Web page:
About

This research project assembles a constructivist, intersubjective database of national identities that will become a key source for International Relations scholars who wish to include constructivist arguments in their scholarship. This stage of the project covers ten great powers from 1950, but the project’s ultimate aim is a constructivist database of all great power identities from 1810 to the present.

Relevance

IR scholars have now come to recognize that behaviour in the international system is not driven solely by the “distribution of power,” but also depends on the distribution of identities.” 

Despite this major theoretical advance, many scholars carry on as if social and relational phenomena do not matter. This is a serious problem in the literature since it ignores a leading theoretical approach, and maintains systematic omitted variable bias in much of IR scholarship. This bias adversely impacts how the policy community conceptualizes and analyzes anything from enduring interstate conflict to stable interstate peace to international institutional cooperation (or the lack thereof) on security and non-security issues.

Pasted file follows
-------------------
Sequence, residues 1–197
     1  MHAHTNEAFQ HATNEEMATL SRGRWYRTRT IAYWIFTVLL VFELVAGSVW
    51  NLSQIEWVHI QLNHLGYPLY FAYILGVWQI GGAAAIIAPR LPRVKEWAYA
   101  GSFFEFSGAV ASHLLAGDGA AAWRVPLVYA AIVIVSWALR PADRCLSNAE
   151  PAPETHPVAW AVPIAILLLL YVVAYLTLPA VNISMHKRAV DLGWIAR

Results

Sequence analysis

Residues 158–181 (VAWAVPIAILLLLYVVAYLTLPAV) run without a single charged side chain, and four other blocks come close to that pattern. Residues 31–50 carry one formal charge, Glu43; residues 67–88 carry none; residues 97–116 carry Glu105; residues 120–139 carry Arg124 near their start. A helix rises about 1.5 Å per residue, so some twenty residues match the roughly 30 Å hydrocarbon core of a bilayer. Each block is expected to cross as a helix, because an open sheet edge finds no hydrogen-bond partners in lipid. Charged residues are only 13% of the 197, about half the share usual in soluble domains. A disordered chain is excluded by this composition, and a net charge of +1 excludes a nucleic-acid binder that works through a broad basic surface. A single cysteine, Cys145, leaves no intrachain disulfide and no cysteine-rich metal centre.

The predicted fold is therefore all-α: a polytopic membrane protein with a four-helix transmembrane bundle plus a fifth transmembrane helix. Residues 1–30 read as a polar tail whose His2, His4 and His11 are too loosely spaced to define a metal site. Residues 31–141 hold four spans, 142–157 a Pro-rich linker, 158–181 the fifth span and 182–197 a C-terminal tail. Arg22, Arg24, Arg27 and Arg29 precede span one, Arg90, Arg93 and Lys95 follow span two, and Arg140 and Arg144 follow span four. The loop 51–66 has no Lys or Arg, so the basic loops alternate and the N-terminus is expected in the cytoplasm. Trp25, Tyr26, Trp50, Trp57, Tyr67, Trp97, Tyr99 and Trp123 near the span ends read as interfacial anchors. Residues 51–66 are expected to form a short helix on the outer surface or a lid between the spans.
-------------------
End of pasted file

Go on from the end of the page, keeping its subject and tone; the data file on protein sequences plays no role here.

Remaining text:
Context

National identity should be included as an alternative explanation in many areas of world politics because constructivist IR theory has already demonstrated its basic empirical validity in a wide variety of domains. A database of great power national identities would strengthen this scholarship in two interrelated ways: first, it would allow scholars of any stripe to test whether identity relations are a better predictor of outcomes than the objectivist variables on offer. Second, in comparison to the existing survey research-based proxies, this inductively recovered and appropriately coded database has a real potential to be used as the unique basis for high-validity quantitative operationalizations of national identity.  

This is all the more important considering that too many IR scholars are quick to exclude intersubjective variables—and therefore constructivist hypotheses—on the grounds of issues of transparency, replicability, and accessibility. This project sets out to rectify this infelicitous practice, and thus encourage problem-driven research in IR.

Methodology 

Discourse analysis offers an intersubjective method for recovering national identity that can be made systematic and reliable enough to produce a body of comparable reports across time for the same country, and across countries, as well.